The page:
Wilson says the library location is also good exposure for the Sound Design program and for all of D&P. “Original concepts in design and technology, storytelling and interdisciplinary collaboration are all exploding right here,” he says.

“The sky is the limit”

Each semester the sound design faculty (Wilson, Romney, Lindsay Putnam and Lindsay Jones) choose a three-person Soundscapes team – a designer, an assistant designer and an audio engineer. The designer pitches a story concept to the faculty, who offer guidance. “The concepts come completely from the student’s imagination,” Wilson says. “They can choose something they are passionate about and develop it into a story. It is very much student-driven.”

Soundscapes is a premium production assignment that involves more than working with cutting-edge technology and pushing creativity to its limits. Led by the designer, the teams also write scripts, engage with actors and musicians, and collaborate with Strategic Communications staff to create marketing materials. “I learned how to be a team leader,” Hayes says, “and I figured out how to be a leader and a designer at the same time. The project is redefining what we are capable of as sound designers.”

Along with new skills, Soundscapes designers have gained self-assurance and a deeper appreciation for  their craft. “As I’m transitioning into my career in sound design, Soundscapes has exponentially grown my confidence in myself and as a designer,” Everett says. “I’m always incredibly hard on the work I do, because I always think there’s room to improve; with Soundscapes I’ve learned that the ability I have to create and tell a story is one I cherish very much, and I hope to continue designing for a long time.”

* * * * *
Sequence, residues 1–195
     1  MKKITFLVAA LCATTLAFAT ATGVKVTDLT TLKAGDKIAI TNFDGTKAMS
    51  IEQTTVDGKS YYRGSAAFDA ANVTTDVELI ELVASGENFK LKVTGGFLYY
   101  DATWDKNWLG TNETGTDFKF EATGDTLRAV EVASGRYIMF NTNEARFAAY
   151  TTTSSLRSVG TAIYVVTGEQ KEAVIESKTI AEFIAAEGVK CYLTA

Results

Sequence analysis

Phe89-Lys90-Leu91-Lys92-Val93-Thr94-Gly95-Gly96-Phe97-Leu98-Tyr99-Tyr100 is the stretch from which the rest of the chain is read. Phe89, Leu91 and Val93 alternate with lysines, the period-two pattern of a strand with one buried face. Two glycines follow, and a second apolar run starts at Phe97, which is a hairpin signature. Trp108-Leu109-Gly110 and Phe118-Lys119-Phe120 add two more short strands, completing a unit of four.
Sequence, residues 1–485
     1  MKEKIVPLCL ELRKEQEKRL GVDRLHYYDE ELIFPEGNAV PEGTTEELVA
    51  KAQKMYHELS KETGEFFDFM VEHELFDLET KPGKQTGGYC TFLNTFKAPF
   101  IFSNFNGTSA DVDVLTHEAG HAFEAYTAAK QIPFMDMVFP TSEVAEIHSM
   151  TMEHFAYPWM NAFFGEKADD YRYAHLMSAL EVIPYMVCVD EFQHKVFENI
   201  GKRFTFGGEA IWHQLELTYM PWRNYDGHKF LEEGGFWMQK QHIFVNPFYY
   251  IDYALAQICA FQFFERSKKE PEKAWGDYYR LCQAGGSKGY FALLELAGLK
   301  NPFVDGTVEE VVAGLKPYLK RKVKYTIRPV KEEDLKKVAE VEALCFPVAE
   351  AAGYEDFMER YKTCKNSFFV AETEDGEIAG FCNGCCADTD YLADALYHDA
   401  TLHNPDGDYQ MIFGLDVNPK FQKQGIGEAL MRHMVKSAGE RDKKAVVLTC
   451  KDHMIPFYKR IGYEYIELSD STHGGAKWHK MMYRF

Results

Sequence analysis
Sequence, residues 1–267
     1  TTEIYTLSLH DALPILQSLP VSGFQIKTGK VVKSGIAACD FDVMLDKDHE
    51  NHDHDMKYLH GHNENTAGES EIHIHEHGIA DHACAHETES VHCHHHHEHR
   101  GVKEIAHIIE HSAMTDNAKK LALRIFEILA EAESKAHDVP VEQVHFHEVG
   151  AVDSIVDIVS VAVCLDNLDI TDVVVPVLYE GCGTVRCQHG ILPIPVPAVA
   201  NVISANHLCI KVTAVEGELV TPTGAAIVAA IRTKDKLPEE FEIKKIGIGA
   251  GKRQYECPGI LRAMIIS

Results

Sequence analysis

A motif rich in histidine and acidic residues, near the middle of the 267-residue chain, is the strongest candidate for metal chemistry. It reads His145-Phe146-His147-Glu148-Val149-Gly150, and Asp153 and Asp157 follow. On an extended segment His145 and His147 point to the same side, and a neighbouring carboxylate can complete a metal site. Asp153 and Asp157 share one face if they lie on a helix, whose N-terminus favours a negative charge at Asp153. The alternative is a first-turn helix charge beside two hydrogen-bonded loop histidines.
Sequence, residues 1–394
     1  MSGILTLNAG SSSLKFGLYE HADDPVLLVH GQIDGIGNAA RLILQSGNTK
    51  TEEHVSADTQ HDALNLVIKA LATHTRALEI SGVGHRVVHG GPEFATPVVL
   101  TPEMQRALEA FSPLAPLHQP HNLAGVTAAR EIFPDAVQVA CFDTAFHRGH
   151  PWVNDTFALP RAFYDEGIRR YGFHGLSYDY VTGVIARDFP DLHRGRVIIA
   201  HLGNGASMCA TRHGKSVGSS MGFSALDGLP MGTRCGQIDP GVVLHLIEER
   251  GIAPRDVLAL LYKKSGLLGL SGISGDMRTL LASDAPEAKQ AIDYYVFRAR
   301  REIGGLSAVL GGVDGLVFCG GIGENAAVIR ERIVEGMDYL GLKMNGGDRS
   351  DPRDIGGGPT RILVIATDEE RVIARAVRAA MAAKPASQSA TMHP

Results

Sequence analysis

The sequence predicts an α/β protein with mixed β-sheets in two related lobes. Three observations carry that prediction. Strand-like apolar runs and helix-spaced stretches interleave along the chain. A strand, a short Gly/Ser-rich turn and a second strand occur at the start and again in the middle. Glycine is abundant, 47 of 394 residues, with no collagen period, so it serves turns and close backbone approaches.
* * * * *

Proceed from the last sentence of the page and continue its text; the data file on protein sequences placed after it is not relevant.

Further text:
Hayes offers advice to future Soundscapes designers. “Don’t be afraid to step outside your comfort zone. Try radical ideas. Utilize the resources and the support you have. Try whatever you want and see what the outcome will be,” he says.

For Wilson, the outcome is a win-win: an enhanced learning environment for sound designers and a unique listening experience for library patrons. He thinks Soundscapes will endure and potentially even grow. “The sky's the limit,” he says. “What can you imagine?”

by Lauren Whitaker

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August 23, 2023